...So when you get this script, were you worried about being compared to him and or did you just focus on building your interpretation from scratch?
When the job first crossed my path I rewatched the film cause I hadn’t seen it since I was a teenager, I enjoyed it as much then as I did before. Then I left it, I let it be, I knew our process would be a little different because it would be theatrical and a musical, but the source material was definitely my starting point. The script is so good that it was fun to hear Sonny come out of my body and allow him to take over, Chazz was very willing to let me find Sonny in me.
How do you keep Sonny fresh after playing him for more than half a year now?
It’s a great role, I got great songs to sing, he’s not boring. We’ve had the luxury of running for a while, so I find after a while you can relax into what you’re doing and let the performance become a little more visceral. In a way the performance becomes simpler, easier, over time.
“One of the Great Ones” is one of the best songs I’ve heard on Broadway in a while.
I know, it’s such a charming, heartful song, if that’s a word, it’s sentimental for a gangster to sing, but it’s that what makes it great coming from Sonny.
Records are an important part of the musical, and I was wondering what records you grew up listening to, did you have any record memories you treasure which help you create your characters?
My parents were big Motown fans, I grew up with a lot of soul music in the house, but as a young person getting involved with theatre I became exposed to the standards, there were cabaret shows with Hollywood songs, war songs, things like “I’ll Be Seeing You”, I became exposed to those lyrics which were from early pop songs. One of the reasons I connected to this score is because it reminded me of early pop music, we have the doo-wop sound, and a Bobby Darin sound, but we have something like “One of the Great Ones” which is Sinatra style.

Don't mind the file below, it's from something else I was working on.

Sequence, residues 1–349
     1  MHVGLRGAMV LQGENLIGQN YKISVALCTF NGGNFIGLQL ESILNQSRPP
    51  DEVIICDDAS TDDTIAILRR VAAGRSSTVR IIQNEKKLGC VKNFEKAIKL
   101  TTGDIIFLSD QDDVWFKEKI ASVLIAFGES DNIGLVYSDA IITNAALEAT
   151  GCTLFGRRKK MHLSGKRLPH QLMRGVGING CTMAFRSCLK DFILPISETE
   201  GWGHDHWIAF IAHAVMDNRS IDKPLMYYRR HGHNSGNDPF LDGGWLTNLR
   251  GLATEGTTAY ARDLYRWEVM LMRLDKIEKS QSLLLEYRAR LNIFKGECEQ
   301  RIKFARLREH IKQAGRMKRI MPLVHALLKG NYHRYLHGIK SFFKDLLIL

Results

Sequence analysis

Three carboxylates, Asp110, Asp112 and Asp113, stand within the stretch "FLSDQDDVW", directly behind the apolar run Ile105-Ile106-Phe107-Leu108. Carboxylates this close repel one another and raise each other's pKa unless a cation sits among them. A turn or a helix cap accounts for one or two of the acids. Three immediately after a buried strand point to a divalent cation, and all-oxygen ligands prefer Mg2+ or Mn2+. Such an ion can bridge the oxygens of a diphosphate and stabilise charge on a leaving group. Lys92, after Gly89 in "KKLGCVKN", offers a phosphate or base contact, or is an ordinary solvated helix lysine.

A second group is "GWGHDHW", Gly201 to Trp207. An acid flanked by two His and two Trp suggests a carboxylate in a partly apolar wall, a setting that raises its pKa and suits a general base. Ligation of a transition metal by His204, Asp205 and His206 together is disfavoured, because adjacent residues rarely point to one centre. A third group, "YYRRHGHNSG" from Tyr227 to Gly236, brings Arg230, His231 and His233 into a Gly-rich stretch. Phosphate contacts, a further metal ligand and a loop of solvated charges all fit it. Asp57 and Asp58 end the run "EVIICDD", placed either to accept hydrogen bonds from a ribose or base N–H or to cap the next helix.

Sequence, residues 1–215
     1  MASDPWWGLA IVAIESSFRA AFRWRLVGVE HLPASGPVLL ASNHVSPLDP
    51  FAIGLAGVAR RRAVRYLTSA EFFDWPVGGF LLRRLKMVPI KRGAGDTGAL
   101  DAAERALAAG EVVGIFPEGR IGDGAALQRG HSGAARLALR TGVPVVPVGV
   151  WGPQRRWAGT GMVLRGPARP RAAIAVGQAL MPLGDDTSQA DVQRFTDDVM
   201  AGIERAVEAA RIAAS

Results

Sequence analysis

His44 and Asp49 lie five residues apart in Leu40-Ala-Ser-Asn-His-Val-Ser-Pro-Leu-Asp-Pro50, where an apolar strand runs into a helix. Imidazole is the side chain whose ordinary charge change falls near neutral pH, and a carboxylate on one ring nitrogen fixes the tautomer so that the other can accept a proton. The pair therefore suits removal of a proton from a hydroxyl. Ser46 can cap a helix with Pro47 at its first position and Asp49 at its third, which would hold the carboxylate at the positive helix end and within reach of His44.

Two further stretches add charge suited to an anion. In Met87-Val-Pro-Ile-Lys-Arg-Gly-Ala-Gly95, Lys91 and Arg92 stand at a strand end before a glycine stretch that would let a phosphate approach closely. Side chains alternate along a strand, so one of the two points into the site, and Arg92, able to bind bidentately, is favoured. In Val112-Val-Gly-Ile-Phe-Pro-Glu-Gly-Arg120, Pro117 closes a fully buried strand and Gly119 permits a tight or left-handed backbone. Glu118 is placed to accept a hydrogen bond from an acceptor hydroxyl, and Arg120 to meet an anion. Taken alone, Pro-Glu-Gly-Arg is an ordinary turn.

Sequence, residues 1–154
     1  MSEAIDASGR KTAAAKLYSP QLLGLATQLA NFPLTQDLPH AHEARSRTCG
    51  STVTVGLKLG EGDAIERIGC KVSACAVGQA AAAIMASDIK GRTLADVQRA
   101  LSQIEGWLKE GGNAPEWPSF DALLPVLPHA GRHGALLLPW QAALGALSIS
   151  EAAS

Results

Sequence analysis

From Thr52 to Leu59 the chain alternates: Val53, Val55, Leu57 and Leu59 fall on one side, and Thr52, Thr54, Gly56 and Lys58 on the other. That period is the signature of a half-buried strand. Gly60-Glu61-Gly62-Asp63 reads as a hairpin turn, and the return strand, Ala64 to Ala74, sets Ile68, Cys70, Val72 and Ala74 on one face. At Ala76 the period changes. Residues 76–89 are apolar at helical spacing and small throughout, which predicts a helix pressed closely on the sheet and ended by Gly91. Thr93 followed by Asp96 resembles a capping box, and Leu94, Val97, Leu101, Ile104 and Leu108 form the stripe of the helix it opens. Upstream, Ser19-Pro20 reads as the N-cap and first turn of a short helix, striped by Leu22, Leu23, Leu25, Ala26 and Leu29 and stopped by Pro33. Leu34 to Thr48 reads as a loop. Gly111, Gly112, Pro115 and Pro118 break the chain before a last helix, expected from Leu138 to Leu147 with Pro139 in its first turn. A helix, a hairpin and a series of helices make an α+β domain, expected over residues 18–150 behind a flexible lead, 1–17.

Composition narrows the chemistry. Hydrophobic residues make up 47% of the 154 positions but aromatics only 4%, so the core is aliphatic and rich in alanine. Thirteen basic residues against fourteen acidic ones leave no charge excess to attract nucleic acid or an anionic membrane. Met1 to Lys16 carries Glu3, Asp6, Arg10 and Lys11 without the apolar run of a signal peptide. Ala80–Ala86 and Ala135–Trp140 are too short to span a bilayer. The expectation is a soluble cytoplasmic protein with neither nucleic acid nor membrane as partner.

Since there is a cast recording what are your hopes for the lives of these songs beyond the show and even for people who can’t come to see it in New York?
Our songs are far from the kind of things you have in the Top 40 today, but within the pantheon of classic songs I would hope that in the tradition of classic musical theatre which once generated the pop songs for the radio, I hope our show is up there one day. I would love to hear other people sing our songs, I’d love to hear someone like Tony Bennett interpret it, it would be great to hear someone with his experience infuse the songs with even more meaning. It would be a dream come true to hear him sing these songs.
I love seeing you onstage, but considering you’ve recently worked with Woody Allen and De Niro, and all these people who reinvented cinema in the 70s, would you like to make a movie with any of them?
I mean absolutely (laughs) I would definitely take that call. I’ve had an extraordinary couple years, I’ve worked with so many of my heroes, in Waitress I worked with Sara Bareilles and Diane Paulus, I’ve been pretty fortunate.
Since you play so many tough guys, what’s the soft side of you people would be surprised to see?
I hope they don’t think I’m a scary guy! When people meet me I hope they think I’m a nice guy! I write and play music, I have a band called Other Courage, I’m not a big gambler (laughs), I’m Canadian which some people don’t know. I’m not even Italian!
Are there any characters by Stephen Sondheim on your bucket list? And are there any of his songs you absolutely adore?
Sweeney Todd is something I’ve always been interested in playing, I grew up studying it. Also Sunday in the Park with George because “Finishing the Hat” is such a beautiful song, it’s a great character for an actor to play.
The A Bronx Tale Original Broadway Cast Recording is now available from Ghostlight/Sh-K-Boom Records. Click here to find out more.